Comet 2017 S3 PANSTARRS

As I mentioned before we’re expecting some reasonably bright comets between now and the end of the year.

First up is C/2017 S3 PANSTARRS which is very well placed for observers like me in Northumberland.  Here is a finder chart for the next few weeks:

Finderchart for C/2017 S3 PANSTARRS.  Generated with PP3, LaTeX and PSTRicks.

Comet PANSTARRS is tracking south from Camelopardalis and through Auriga over the next couple of weeks.  From the UK PANSTARRS is circumpolar: always above the horizon and visible all night.  However the best views will be during the run up to sunrise when it is getting higher in the sky.

We can expect PANSTARRS to be at its best during the first week of August.  Magnitude estimates for comets are subject to a lot of uncertainty!  It is likely to reach magnitude +4, or maybe +3 (as bright as the Andromeda Galaxy).  Viewing will probably be against a moonlit sky and/or twilight.  Binoculars should pick it out easily by the end of July and it may be a naked eye object in early August.  You can find recent magnitude estimates here.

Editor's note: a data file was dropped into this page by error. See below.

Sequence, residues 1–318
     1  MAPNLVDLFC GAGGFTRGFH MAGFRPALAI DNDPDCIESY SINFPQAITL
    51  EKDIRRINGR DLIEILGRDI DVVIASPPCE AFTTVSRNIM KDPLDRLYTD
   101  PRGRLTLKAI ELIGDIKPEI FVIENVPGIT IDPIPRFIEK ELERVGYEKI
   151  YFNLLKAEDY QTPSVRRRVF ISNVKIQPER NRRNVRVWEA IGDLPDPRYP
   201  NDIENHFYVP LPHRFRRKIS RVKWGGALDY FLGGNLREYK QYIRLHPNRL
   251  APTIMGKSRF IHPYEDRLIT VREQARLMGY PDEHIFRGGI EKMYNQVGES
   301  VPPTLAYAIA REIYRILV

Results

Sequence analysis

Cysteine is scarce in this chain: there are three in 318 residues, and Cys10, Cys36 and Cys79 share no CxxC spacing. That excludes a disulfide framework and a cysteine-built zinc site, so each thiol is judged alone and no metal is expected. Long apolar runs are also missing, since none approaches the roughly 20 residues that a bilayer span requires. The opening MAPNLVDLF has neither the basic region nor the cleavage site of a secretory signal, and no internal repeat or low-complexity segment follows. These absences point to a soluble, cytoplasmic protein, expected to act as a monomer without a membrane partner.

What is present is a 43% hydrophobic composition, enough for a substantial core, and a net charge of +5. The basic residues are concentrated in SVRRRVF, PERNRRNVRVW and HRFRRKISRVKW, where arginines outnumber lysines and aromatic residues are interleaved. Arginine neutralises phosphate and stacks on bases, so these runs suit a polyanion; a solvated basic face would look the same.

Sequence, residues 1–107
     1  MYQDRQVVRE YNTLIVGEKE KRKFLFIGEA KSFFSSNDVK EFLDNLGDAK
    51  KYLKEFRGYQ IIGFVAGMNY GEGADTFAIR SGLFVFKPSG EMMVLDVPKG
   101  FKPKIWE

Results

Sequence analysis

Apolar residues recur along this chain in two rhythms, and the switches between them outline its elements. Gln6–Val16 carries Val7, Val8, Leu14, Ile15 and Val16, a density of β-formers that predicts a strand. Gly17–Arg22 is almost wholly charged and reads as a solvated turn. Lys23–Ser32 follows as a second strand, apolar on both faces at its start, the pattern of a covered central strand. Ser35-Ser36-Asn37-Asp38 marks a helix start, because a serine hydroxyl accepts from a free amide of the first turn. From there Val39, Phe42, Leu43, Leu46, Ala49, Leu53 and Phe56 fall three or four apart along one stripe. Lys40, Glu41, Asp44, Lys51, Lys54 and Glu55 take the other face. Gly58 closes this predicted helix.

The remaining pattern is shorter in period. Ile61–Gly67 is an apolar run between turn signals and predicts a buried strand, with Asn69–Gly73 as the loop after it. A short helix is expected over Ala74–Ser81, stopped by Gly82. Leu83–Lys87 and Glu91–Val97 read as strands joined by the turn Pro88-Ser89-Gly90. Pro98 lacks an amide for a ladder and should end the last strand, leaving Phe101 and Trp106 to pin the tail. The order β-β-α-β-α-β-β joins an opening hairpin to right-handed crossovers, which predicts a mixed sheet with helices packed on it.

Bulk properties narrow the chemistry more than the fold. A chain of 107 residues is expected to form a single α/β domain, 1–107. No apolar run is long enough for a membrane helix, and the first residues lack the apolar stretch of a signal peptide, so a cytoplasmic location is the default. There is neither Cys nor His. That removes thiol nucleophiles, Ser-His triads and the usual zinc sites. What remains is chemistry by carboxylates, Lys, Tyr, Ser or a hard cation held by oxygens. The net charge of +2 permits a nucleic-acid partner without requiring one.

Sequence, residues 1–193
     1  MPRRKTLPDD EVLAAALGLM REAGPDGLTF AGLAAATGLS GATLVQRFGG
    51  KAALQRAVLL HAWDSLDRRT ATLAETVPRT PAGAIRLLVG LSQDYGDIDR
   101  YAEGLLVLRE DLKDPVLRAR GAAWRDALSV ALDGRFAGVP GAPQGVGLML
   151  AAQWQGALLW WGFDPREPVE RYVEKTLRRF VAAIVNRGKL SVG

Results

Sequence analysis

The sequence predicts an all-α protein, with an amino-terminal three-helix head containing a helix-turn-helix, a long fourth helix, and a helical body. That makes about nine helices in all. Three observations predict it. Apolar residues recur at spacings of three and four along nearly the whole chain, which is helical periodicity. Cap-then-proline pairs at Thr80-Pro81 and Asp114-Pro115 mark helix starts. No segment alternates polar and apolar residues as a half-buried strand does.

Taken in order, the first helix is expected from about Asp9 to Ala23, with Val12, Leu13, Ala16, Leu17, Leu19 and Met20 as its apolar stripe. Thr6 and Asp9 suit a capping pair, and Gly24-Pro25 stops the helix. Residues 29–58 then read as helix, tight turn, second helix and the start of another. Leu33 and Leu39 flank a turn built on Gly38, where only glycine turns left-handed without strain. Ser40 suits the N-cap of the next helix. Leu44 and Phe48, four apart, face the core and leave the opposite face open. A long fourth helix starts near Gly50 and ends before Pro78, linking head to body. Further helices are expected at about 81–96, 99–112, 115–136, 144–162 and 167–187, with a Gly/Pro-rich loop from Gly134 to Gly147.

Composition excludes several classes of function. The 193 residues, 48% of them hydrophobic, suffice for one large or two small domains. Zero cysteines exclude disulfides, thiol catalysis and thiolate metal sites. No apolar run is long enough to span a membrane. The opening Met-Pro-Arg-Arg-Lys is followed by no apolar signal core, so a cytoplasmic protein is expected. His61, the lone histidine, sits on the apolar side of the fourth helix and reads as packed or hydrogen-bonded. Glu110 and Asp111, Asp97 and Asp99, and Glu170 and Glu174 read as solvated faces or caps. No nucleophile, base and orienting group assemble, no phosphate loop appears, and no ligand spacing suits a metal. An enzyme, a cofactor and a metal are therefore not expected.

PANSTARRS is approaching perihelion during this period and also getting closer to Earth.  The comet will buzz past the bright stars Castor and Pollux in Gemini from August 4th – 6th; look for it low in the northeast an hour and half before sunrise.

PANSTARRS is at its closest to Earth on August 6th: 0.7579 AU (113 million km).

We’ll lose PANSTARRS in the morning twilight at the end of the first week of August and it will reach perihelion on August 15th at a distance of 0.2084 AU (31 million km) from the Sun.

C/2017 S3 PANSTARRS orbit. Credit: JPL Small Bodies Database

After perihelion the comet will be on the far side of the Sun and a dim telescopic object.  PANSTARRS is following a near parabolic orbit diving down from above the plane of the solar system and heading back out after perihelion.  It is a one-time visitor to the inner solar system and it won’t be back for at least many thousands of years!

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